Also both effects are self-fulfilling prophecies. Whether the expectations come from us or others,the effect manifests in the same fashion. An interesting, non scientific experimentvariation on these phonomeon was carried out by teacher Iowan Jane Elliott in 1968. Searching for a way to explain racism to herall white 3rd grade class the day after after Martin Luther King was assassinated, Elliottsegregated her students into “blue-eyed” and “brown-eyed” groups. On the first day, she told the class thatblue-eyed people were superior and treated the students accordingly. Among other injustices brown-eyed studentshad five fewer minutes of recess and weren’t allowed to play with the blue-eyed students. In class the brown eyed students were forcedto sit at the back of the classroom. Throughout the day Elliot made various commentsabout the inferiority of brown-eyed students. The following day, the status was reversed,with brown-eyed students being superior and the blue-eyed students considered inferior. Elliot found that during the day they wereconsidered inferior, the students’ work suffered. Also she was shocked to discover how quicklythe attitudes of children in the superior group turned vicious and discriminating. Afterwards the exercise was over, Elliot hadher class write essays on the experience. She ended up getting some of the essays publishedin her local newspaper. The reaction to Elliott’s experiment wasexplosive and she was ostracized in her town. However she went on to become a diversityeducator and some of her later work became the basis for modern corporate diversity training. So what does this all mean? Well, unfortunately you can’t control people’sopinions of you. The truth is that ultimately no matter howamazing you are, someone’s probably going to have a negative opinion of you and treatyou accordingly.


So our best suggestion is to Pygmalion yourself. The mentor, teacher or boss you want or needsimply may not show up in your life. You can spend valuable time waiting aroundfor them or your can do some personal work and create some aspects of such a relationshipin yourself. So how can you apply the Pygmalion effectto your personal, academic or professional life? Have high expectations for yourself and setambitious goals to reach. What would you like your life to look likea year from now? Five years from now? Create a goal map for yourself, listing outsmaller steps to take that lead to achieving a big goal. Don’t forget to build in rewards for achievingvarious mini goals along the way to bigger challenges. Try to develop and improve your sense of personalresponsibility. Explore and cultivate your strengths and passions. What do you like to do? What are you interested in?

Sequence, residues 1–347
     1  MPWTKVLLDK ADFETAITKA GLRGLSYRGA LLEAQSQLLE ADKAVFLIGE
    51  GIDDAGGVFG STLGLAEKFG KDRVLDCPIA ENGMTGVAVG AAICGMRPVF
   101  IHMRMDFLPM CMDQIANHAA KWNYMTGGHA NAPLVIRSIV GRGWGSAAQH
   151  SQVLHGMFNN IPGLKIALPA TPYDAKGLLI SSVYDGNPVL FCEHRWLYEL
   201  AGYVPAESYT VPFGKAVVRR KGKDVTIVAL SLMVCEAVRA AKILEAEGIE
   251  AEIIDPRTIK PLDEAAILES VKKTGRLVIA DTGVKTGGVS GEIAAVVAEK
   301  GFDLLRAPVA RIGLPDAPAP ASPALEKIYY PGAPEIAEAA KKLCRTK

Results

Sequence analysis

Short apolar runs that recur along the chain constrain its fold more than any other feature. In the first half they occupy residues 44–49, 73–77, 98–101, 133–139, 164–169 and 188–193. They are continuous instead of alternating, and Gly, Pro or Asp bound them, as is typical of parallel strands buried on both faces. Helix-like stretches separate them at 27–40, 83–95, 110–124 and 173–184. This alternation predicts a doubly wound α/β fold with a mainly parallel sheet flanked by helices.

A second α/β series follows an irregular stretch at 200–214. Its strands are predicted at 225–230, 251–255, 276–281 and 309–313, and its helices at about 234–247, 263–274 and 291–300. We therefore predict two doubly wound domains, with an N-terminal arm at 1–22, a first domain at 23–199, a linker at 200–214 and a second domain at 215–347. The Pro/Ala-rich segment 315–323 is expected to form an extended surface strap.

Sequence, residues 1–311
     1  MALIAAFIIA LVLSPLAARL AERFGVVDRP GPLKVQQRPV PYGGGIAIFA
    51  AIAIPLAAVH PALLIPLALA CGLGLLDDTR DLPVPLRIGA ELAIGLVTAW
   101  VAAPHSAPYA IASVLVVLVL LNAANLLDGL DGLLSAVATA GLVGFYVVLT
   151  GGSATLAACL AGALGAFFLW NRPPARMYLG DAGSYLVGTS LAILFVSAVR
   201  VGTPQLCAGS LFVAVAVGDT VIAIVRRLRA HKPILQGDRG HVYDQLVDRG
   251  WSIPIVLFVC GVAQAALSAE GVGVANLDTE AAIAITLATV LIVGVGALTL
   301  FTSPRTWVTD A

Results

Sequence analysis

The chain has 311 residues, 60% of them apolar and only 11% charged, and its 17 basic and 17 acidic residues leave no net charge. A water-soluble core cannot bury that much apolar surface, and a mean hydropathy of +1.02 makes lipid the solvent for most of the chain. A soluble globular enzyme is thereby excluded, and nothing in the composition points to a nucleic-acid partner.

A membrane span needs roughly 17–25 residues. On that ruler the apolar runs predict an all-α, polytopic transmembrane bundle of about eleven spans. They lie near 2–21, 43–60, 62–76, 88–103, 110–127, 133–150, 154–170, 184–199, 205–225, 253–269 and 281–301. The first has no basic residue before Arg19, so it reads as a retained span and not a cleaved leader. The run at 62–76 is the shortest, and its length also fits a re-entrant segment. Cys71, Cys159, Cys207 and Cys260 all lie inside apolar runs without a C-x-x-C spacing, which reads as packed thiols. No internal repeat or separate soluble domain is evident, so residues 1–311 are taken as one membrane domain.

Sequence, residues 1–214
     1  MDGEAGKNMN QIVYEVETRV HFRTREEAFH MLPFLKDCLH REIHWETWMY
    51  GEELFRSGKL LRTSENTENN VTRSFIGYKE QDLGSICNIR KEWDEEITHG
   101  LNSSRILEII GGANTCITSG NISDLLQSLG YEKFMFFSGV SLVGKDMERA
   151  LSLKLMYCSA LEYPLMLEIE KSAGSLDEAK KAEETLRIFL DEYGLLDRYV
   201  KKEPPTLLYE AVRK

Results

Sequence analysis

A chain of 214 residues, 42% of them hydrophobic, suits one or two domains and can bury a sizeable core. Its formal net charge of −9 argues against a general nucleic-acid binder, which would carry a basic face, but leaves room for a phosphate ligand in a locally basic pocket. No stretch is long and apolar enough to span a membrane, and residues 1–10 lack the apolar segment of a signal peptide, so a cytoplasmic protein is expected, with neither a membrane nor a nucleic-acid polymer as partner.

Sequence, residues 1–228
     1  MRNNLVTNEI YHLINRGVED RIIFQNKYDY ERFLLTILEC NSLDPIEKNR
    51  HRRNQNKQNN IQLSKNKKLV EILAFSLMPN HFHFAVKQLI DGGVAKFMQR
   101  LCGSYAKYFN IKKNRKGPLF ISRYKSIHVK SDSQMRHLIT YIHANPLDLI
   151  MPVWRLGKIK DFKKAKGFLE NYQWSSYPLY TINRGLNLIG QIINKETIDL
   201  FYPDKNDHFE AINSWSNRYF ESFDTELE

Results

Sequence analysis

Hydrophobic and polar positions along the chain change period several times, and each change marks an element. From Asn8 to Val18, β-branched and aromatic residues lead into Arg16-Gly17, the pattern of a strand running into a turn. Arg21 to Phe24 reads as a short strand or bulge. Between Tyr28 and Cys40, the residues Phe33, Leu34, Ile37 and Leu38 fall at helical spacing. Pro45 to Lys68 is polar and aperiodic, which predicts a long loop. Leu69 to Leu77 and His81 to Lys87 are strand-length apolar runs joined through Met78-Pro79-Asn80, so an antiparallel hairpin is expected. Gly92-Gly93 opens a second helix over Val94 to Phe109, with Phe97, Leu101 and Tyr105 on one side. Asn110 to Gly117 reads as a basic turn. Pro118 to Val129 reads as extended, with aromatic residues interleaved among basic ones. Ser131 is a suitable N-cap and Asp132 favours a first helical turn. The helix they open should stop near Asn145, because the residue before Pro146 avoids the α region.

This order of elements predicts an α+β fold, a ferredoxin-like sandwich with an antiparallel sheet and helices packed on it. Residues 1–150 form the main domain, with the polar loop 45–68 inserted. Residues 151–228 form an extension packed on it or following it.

Sure work on weaknesses too, but focus onyour strengths. Improving a weakness frequently means thatyou can go from mediocre to okay or not bad. But, when you work on your strengths, youcan strive for mastery or excellence. Manage your weaknesses so they aren’t hindrances,but put the majority of your energy into cultivating your strengths. Write out a personal peptalk that you canread aloud when you’re frustrated, anxious, discouraged or having a bad day. Your peptalk should mention some of your pastachievements, things you like about yourself and plans for the future. Surround yourself with thoughtful, positivepeople who support you and your goals and have goals of their own they are strivingtowards. Sometimes it’s not possible to remove negativeor unhealthy people from your life. As much as possible ignore the haters. Are you whom others say you are, or are youwho you want to be? You can also practice the Pygmalion effectwith other people. You don’t have to be their teacher or bossto be a force for positive change in their lives.


Have high yet realistic expectations of them. Listen attentively during conversations anddon’t cut your conversation partner off while they’re speaking. Offer encouragement. Be respectful and value other people’s time. In the famous book The 7 Habits of HighlyEffective People: Powerful Lessons in Personal Change, Stephen R. Covey says “Treat a manas he is and he will remain as he is. Treat a man as he can and should be and hewill become as he can and should be.” How can that quote play out in your life? Do you have a particular incident where thepygmalion effect happened in your life.